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Publication numberUS20050132080 A1
Publication typeApplication
Application numberUS 10/961,516
Publication dateJun 16, 2005
Filing dateOct 8, 2004
Priority dateOct 31, 2000
Also published asDE60143707D1, EP1330699A1, EP1330699A4, EP1330699B1, US6804790, US20020091954, WO2002039242A1
Publication number10961516, 961516, US 2005/0132080 A1, US 2005/132080 A1, US 20050132080 A1, US 20050132080A1, US 2005132080 A1, US 2005132080A1, US-A1-20050132080, US-A1-2005132080, US2005/0132080A1, US2005/132080A1, US20050132080 A1, US20050132080A1, US2005132080 A1, US2005132080A1
InventorsSokwoo Rhee, Sheng Liu
Original AssigneeMillennial Net, A Massachusetts Corporation
Export CitationBiBTeX, EndNote, RefMan
External Links: USPTO, USPTO Assignment, Espacenet
Coordinating protocol for a multi-processor system
US 20050132080 A1
Abstract
A multi-processor computing system included a plurality of processing units is provided in which each of the plurality of processing units operates at clock frequency and a coordinating protocol is used to assign tasks and operations to any of the plurality of processing units in a manner such that the power efficiency of the system is optimized.
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Claims(2)
1. A networked computing system with improved power consumption comprising:
a plurality of processing units including at least first and second processing units, said first processing unit including a coordinating protocol,
wherein the first processing unit utilizes the coordinating protocol to control the operation of the system such that the power consumption of the system is minimized.
2-33. (Canceled).
Description
RELATED APPLICATIONS

This application claims priority of U.S. Provisional Application Ser. No. 60/244,502 filed Oct. 31, 2000 and entitled I-BEAN: AN INTEGRATED WIRELESS COMMUNICATION AND COMPUTING DEVICE USING NOVEL POWER SAVING ALGORITHMS FOR MINIMAL ENERGY OPERATIONS.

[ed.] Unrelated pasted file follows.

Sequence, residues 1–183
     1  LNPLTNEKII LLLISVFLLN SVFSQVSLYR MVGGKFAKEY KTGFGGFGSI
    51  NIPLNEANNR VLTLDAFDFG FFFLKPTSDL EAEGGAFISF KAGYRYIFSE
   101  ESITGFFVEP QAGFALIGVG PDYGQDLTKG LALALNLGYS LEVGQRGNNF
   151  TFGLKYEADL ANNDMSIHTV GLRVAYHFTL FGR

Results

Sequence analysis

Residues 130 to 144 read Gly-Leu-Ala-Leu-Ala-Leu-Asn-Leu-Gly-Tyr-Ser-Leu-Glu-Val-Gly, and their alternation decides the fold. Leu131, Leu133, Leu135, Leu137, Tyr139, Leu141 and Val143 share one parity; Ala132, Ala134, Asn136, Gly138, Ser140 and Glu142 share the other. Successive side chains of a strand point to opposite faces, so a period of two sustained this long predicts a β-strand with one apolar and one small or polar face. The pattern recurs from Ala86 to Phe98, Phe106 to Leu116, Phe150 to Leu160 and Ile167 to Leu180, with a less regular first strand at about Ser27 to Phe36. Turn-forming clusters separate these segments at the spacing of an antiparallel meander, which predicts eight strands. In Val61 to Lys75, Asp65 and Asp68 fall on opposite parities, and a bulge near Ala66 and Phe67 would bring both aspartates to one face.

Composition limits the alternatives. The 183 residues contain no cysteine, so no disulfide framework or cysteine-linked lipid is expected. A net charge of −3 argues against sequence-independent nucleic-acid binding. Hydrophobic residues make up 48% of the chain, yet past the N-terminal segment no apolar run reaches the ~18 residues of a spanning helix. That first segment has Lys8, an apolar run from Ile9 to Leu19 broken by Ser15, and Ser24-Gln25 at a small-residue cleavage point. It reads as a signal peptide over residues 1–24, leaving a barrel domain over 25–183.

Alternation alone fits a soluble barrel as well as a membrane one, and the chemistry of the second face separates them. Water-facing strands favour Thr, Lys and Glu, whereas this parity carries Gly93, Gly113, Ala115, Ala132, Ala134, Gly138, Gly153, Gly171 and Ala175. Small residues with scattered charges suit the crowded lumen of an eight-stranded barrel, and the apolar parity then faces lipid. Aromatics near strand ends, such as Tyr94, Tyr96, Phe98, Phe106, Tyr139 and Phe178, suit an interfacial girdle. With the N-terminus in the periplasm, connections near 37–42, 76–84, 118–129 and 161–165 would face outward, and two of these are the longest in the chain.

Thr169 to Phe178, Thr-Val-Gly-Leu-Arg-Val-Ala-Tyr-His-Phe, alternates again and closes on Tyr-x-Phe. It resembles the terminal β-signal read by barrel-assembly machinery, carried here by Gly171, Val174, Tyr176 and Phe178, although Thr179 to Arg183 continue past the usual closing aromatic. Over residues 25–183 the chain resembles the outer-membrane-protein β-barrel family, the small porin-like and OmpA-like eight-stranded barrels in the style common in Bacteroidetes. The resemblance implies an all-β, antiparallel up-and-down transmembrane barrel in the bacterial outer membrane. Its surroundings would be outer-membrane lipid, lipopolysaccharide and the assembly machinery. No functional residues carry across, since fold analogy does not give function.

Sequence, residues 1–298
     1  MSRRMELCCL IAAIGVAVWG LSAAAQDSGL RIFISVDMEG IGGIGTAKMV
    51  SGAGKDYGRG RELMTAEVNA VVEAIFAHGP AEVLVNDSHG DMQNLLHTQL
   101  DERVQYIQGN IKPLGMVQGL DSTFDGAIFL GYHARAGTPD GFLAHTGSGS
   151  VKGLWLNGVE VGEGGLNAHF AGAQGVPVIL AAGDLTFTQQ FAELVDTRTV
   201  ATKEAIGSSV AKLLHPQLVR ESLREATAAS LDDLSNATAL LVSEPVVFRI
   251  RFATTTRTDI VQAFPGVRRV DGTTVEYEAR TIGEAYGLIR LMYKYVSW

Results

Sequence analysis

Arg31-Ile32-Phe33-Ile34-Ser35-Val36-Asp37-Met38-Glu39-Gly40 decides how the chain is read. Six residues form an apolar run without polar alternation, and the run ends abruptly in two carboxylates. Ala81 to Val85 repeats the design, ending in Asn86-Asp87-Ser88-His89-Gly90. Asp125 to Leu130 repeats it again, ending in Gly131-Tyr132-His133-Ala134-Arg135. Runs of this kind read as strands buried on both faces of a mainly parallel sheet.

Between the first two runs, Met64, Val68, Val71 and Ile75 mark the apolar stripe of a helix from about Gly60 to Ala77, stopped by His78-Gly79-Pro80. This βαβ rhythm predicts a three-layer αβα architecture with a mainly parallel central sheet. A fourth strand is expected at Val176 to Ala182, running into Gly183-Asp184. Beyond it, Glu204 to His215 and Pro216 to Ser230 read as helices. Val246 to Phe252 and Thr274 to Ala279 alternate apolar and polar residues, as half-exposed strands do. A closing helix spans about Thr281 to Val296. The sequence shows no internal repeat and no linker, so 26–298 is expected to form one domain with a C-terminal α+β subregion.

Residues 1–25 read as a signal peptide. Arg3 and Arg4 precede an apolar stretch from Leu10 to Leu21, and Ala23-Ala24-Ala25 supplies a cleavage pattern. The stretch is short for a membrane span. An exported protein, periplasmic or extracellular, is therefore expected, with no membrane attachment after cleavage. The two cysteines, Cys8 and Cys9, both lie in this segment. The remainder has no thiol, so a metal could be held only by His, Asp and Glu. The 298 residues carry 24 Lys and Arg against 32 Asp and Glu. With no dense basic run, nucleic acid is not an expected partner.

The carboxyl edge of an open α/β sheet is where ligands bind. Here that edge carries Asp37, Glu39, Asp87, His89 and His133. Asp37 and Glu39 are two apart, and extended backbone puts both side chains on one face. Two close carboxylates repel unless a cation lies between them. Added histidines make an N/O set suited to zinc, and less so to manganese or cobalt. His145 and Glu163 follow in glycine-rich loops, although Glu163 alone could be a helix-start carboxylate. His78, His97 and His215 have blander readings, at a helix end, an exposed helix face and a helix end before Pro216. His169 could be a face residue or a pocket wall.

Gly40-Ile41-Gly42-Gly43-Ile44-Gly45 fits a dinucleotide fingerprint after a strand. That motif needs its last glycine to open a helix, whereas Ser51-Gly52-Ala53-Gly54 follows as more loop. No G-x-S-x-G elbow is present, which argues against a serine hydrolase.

FIELD OF THE INVENTION

This invention relates to a networked processing system with an optimized power efficiency.

BACKGROUND OF THE INVENTION

Power efficiency and minimizing power usage are important issues in networked systems, such as communications systems and computing systems. Programs which monitor the usage of various components of a computer system and shut down or minimize some of those components have been used in the past.

However, one area in which such power conservation has not been utilized is with respect to processing units. Whether in networked computer systems or communications systems, optimizing the power efficiency of processing units has not been previously addressed. For example, computer systems with multiple processors operate all processors in parallel at the same time to improve overall system performance without consideration to the power usage involved.

In multiple processor systems, specific tasks such as disk operations, display operations and keyboard input may be assigned to each processor. Another method of improving performance is to assign specific programs, such as word processing and spreadsheet programs, to separate processors. What these systems fail to address is the power used when the processor units are idling. Even when idling, processors are using power with every tick of the processor clock. For high speed processors, this can result in a substantial power usage.

This problem is particularly evident in portable units where the power is limited to that which is available from batteries. One solution used in laptop computers is to slow the processor speed when the laptop computer is running on battery. For example, a processor chip may operate at 1 GHz when the computer is connected to an AC power outlet and at 500 MHz when running on the internal battery. This results in a significant impact on the performance of the system.

Likewise, communications systems such as cellular phones experience considerable idle time during which power continues to be used in order to keep the system ready to transmit or receive signals. This use of power even when idling causes portable, battery-powered units to require frequent recharging.

SUMMARY OF THE INVENTION

It is therefore an object of this invention to provide a networked processing system in which power usage is minimized.

It is a further object of this invention to provide a networked processing system in which performance is optimized.

It is a further object of this invention to provide a multi-tasking, multiple processor system in which the power efficiency is optimized.

It is a further object of this invention to provide a self-contained, miniaturized computer with a built in power source, flash memory, digital I/O interface and radio frequency (RF) transceiver for bi-directional communication.

The invention results from the realization that, in a multi-tasking, multi-processor environment, the power efficiency of the system can be optimized by coordinating the usage of processing units such that tasks are run on the appropriate speed processing unit and unused processing units are placed in sleep mode.

This invention features a networked computing system with improved power consumption comprising a plurality of processing units including at least first and second processing units. A coordinating protocol is operative on the first and second processing units and controls the operation of the system such that the power consumption of the system is minimized.